When you stay at a hostel with limited washing machines and dryers, doing laundry requires you to keep an eye on these facilities like a hawk.
Like someone’s trying to snatch your last two bottles of water on Earth.
As it was my final day in Toronto, I had to get laundry out of the way so I’d have clean clothes to wear for the next several days.
There were two washers and two dryers at the Canadiana, and I had no trouble at all popping my load into the washing machine.
I lost track of time so I got back to the laundry room past the 30-or-so minute wash cycle. When I finally got there, it turned out that some guy had taken my clothes out to put his in. So I took my damp clothes back to my room because the dryers were both in use and came back every 40 minutes two times.
Unfortunately, the dryers were always in use.
Every. Single. Time. I. Came. Back.
I started this laundry adventure at around 7 to 7:30 p.m. So I figured I’d just come back at 11 p.m. (I took my clothes with me back to the room at probably around 9 p.m. or so). Surely at least one machine would be vacant right before midnight!
But I was wrong. 11 p.m rolled along and there were still clothes drying!
So I took a chair and just sat there, along with another guy who had also been waiting for a long time. (He had an accent that sounded German to me, so I assume that’s what he was, although I didn’t ask.)
First come first serve didn’t apply in this situation.
As soon as the dryers stopped turning, we jumped out of our chairs, took the dry clothes out, and shoved ours in. We literally had to do this, and it proved necessary because about a minute or two after I popped my load in, some guys came to check the machines.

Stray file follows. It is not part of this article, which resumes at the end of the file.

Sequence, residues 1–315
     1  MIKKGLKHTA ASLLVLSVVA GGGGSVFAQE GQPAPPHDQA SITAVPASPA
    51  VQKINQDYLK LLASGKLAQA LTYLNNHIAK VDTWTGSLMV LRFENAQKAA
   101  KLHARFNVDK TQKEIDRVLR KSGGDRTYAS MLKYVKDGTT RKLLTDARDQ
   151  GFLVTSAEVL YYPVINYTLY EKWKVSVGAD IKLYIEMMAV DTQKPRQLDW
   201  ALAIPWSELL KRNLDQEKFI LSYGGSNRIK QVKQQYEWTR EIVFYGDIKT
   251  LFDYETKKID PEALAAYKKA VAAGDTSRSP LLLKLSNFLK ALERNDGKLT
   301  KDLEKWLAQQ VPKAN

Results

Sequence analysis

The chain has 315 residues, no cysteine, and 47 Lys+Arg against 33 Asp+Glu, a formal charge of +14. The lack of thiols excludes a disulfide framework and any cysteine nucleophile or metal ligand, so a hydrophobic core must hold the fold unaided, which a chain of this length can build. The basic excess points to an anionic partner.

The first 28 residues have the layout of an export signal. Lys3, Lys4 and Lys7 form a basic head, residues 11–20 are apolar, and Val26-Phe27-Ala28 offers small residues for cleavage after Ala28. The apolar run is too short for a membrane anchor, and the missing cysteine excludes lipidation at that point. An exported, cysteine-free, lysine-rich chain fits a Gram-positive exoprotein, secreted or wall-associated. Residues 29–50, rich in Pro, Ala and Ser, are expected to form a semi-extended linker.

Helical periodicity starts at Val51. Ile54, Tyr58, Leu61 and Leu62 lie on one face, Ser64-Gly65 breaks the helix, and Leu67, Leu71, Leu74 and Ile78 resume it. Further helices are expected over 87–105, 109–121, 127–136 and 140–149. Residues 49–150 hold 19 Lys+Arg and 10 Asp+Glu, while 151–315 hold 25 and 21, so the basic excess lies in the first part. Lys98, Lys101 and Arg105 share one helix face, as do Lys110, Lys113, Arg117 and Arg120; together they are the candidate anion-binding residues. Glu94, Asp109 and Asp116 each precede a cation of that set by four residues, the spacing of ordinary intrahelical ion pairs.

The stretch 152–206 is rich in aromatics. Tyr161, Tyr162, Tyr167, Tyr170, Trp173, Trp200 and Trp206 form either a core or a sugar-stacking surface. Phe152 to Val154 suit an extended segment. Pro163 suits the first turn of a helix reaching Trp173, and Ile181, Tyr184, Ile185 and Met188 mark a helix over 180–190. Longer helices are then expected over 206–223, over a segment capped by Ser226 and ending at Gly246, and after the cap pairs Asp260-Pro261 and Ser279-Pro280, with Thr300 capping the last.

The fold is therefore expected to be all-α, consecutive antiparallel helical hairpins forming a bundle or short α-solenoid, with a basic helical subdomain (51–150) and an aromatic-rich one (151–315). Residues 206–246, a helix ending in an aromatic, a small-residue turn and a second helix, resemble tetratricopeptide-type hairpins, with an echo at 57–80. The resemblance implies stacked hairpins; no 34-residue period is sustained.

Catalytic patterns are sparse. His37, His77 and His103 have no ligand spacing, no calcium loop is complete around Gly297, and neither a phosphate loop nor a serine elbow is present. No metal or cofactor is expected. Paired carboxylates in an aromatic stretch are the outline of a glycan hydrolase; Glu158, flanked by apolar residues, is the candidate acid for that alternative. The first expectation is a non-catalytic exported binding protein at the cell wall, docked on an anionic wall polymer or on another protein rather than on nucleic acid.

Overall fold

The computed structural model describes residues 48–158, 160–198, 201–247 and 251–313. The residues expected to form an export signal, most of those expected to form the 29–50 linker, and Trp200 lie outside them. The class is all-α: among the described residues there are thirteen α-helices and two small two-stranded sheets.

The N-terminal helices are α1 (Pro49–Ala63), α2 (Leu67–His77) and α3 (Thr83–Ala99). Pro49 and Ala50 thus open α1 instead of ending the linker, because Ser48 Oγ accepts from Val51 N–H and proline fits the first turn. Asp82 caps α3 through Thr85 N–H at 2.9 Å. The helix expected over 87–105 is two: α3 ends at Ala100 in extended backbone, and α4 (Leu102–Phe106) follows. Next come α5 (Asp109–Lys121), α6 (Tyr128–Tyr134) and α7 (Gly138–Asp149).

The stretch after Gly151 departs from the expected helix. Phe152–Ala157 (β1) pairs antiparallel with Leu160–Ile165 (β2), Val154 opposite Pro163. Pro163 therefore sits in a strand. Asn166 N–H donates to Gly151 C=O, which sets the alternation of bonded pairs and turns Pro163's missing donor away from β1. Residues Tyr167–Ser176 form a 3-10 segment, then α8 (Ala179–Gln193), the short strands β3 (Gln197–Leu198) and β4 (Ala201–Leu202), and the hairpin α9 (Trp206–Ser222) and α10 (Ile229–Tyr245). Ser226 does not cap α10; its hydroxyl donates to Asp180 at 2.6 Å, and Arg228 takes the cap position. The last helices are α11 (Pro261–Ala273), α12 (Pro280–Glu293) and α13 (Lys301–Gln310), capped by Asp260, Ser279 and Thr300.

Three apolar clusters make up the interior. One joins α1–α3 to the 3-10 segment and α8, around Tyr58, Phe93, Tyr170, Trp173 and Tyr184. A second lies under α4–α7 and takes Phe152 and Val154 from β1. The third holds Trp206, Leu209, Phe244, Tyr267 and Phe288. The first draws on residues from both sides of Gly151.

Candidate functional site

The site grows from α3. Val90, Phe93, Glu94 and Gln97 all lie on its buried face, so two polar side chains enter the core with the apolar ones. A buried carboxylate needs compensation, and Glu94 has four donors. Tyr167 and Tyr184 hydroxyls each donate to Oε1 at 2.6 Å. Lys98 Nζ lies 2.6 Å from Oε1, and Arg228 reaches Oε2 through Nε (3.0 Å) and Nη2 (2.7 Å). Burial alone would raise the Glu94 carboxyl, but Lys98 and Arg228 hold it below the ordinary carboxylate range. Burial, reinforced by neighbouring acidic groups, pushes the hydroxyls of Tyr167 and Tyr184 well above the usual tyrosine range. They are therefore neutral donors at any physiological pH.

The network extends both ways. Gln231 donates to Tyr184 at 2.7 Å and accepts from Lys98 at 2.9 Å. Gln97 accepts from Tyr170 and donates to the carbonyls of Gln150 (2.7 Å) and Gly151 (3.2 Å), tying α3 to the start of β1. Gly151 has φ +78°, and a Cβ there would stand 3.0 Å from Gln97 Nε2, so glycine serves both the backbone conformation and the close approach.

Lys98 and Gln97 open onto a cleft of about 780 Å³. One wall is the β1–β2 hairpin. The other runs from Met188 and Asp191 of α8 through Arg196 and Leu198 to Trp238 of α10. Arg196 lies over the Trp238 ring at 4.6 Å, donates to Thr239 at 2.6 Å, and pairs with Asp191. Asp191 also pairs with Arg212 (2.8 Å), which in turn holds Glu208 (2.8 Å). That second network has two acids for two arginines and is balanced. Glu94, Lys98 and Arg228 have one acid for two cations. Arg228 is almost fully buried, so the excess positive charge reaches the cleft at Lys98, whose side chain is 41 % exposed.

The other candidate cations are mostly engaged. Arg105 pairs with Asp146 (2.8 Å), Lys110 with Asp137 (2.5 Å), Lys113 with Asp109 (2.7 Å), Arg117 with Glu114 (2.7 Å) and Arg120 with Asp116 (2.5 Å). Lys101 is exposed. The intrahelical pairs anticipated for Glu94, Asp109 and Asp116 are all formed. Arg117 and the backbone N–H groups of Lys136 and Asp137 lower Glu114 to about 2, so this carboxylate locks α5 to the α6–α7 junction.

It was a competition for whoever could get the dryer first.
I got back to my room past midnight.
The day was certainly long because of that horrid laundry experience. But prior to that, the day went well.
Cindy gave me a token for the subway/bus because she only needed one. She checked out that morning, so we said our goodbyes and became Facebook friends.
Then I did more walking around.
On my way back to the hostel, I ended up talking to Marco, an Italian architecture student studying at the University of Toronto. I was a bit skeptical and thought he was going to try to sell me something or sign a petition.
Or maybe he had adapted the friendly Canadian trait.
We talked over some tea and he explained how every little detail of an establishment has been thought out.
Marco had been living in Toronto for four years. He wore half square framed glasses and his accent reminded me much of Matteo and Chiara’s. I’d heard various German accents at this point, but his pronunciation and tonation were nearly identical to that of the Italian couple I met in Victoria.
Initially, his goal was to own a firm. However, after working at a company for three years, he realized that being a boss involved more meetings and less involvement in the actual planning of project details.
As an architect, he lent insight into how he notices aspects of buildings that people may not actively think about.
For example, if a counter at a coffee shop contains uneven boards, that’s not a coincidence: it was planned. And if a counter is made out of wood instead of stone, it’s probably cheaper.
While I was unsure about carrying out a conversation with a random stranger on the street at first, we actually had a stimulating discussion about his profession and how it influences his perspective of the world.
He also said he was in Los Angeles for the grand opening of Terroni, an Italian restaurant he helped design on Spring and 8th.
We eventually parted ways so I could get around to doing laundry.